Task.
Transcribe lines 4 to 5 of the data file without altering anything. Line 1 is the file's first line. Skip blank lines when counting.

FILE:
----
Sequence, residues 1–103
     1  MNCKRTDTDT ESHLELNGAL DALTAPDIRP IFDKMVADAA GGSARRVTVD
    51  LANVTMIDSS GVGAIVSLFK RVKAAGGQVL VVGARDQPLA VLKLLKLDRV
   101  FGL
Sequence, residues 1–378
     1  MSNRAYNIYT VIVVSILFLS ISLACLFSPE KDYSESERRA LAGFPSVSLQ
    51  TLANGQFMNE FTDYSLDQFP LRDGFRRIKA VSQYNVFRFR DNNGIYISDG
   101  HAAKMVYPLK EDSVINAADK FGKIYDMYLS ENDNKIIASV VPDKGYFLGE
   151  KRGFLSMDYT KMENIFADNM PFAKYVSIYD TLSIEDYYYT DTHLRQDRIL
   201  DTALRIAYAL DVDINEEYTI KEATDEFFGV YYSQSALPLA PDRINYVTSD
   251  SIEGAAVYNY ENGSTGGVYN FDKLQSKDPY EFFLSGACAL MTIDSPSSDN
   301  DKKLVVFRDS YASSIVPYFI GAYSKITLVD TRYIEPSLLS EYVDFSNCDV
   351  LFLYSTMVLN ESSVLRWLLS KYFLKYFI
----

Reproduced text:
   101  FGL
Sequence, residues 1–378